The Recovery Act -- the president's immediate response to the economic crisis -- was step one. It helped tide you over during an extraordinarily difficult time. It financed almost 15,000 transportation projects -- in every state of the union. And through these investments, it produced or protected millions of jobs. These aren't partisan figures; they're objective facts. So, thank you for everything you did to make the transportation portion of the Recovery Act such a success.
Of course, we have a lot more to do. Millions of Americans still want and need work, but can't find it. Nearly one in five construction workers are still unemployed at a time when so many of the roads and bridges we use every day have fallen into disrepair.
You're here because you'd like for your business to pick up. We get it: In order for that to happen, you need the confidence and predictability to plan, bid, hire, and build.
That's why, just a few weeks ago, President Obama proposed a bold vision for the future of America's transportation system and unveiled a robust six-year transportation bill. It increases resources for highway and bridge improvements by 48 percent. It increases funding for affordable, efficient, and sustainable bus, streetcar, and transit systems by126 percent.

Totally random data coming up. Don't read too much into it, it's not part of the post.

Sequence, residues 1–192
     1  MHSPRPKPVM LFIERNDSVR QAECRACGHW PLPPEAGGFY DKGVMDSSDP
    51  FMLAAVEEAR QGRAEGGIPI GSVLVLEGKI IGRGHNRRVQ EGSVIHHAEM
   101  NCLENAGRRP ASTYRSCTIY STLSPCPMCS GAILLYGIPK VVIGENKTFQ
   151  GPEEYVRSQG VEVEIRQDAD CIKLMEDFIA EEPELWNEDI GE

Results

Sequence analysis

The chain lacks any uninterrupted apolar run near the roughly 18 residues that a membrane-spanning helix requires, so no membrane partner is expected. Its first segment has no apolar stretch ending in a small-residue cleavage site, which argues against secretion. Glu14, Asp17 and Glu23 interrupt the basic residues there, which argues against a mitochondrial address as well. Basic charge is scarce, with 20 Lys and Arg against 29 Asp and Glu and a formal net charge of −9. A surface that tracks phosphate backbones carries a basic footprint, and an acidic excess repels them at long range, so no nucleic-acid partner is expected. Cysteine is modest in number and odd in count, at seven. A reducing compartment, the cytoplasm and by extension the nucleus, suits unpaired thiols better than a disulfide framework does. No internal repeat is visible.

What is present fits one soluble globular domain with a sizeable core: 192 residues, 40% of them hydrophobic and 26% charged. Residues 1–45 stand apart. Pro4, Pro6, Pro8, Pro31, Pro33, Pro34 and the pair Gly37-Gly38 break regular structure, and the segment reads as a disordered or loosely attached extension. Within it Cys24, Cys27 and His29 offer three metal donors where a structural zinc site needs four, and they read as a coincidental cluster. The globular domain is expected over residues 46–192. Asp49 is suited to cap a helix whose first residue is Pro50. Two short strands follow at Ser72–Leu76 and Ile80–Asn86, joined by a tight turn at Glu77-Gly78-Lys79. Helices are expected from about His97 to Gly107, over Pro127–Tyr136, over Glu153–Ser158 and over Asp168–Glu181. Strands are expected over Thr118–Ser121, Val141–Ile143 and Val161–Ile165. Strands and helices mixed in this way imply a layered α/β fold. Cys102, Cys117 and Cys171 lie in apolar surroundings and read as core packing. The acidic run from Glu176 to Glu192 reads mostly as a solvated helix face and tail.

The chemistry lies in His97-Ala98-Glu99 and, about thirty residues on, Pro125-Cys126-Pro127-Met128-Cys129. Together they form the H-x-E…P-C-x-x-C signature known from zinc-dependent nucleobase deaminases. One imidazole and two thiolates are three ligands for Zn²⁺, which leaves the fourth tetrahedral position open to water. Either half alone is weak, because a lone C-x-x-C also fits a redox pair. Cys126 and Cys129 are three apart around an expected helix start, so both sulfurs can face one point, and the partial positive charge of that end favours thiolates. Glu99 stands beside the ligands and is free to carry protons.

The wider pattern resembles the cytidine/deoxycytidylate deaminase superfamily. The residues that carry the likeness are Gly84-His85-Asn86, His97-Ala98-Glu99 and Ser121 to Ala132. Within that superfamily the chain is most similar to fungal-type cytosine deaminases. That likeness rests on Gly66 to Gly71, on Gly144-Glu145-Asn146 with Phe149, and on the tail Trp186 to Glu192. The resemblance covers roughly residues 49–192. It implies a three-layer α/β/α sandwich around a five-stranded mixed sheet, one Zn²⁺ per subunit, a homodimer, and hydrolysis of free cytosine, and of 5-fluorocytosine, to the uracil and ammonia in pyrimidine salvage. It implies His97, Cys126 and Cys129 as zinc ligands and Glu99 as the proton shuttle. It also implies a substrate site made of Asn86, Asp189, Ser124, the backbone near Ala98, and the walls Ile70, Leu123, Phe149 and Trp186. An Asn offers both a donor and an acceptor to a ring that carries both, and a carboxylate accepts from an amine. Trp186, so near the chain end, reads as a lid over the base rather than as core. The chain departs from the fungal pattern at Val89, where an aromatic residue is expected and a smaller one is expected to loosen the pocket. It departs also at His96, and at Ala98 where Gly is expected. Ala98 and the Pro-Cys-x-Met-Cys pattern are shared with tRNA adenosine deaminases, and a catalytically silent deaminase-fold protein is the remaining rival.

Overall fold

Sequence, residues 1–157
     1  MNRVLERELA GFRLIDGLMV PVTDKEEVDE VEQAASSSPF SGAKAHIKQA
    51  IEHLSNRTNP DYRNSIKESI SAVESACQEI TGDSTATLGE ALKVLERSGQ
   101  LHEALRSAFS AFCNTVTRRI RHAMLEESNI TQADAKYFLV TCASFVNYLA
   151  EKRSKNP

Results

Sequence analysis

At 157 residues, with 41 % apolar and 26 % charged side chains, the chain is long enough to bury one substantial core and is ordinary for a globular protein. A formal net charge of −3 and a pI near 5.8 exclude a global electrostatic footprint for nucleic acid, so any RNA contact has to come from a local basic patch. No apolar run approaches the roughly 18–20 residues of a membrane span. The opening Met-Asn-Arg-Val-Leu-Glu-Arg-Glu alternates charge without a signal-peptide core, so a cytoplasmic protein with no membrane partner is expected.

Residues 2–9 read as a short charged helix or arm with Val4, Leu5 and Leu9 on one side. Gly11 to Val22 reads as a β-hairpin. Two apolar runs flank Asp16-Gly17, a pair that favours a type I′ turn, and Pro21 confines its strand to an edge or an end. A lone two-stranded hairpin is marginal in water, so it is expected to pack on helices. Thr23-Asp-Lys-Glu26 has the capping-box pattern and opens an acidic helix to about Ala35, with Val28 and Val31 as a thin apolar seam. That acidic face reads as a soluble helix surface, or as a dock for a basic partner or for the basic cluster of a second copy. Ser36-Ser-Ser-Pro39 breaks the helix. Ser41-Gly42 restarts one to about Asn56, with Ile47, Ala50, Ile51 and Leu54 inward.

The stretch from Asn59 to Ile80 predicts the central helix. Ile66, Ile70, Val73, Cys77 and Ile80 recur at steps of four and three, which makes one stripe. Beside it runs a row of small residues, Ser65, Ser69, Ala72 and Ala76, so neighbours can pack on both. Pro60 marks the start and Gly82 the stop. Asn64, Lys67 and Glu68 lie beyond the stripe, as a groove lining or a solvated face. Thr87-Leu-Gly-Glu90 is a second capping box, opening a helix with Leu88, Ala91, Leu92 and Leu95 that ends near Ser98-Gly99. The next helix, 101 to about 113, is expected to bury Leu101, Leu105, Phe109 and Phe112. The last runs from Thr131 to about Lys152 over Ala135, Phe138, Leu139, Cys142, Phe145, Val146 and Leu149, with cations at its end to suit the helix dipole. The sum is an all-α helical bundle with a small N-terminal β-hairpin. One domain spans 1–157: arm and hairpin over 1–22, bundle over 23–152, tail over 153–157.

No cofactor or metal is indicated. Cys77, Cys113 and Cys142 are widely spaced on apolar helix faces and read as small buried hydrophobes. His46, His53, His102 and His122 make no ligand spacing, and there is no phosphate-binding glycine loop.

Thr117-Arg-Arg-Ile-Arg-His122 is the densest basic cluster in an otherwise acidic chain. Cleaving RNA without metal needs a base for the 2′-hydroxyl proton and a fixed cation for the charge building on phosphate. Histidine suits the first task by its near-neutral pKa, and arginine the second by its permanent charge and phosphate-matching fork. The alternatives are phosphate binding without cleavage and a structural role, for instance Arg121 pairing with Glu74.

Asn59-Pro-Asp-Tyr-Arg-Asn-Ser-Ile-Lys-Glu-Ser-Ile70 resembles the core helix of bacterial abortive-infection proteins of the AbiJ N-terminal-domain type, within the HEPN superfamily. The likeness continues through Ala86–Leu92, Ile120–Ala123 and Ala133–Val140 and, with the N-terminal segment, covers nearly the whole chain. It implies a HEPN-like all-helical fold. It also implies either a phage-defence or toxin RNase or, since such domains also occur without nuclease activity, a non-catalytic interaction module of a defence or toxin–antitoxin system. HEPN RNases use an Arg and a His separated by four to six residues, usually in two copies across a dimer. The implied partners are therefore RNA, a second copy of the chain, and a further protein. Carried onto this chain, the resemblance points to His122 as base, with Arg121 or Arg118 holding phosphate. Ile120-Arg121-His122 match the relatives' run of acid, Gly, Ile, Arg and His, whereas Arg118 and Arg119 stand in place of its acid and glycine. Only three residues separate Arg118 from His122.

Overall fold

It includes a $50 billion up-front boost to keep our recovery moving in the short term. It includes a $30 billion national infrastructure bank that will finance major projects of national or regional significance over the long run.
It keeps us on track toward a high-speed intercity rail system with an $8 billion investment in 2012 --a $53 billion investment during the next six years. And it will make these long-delayed and much-needed investments in the most cost-effective ways: with tax dollars that leverage private capital; through projects selected on the merit, not politics; and by hiring you to do the contracting and construction.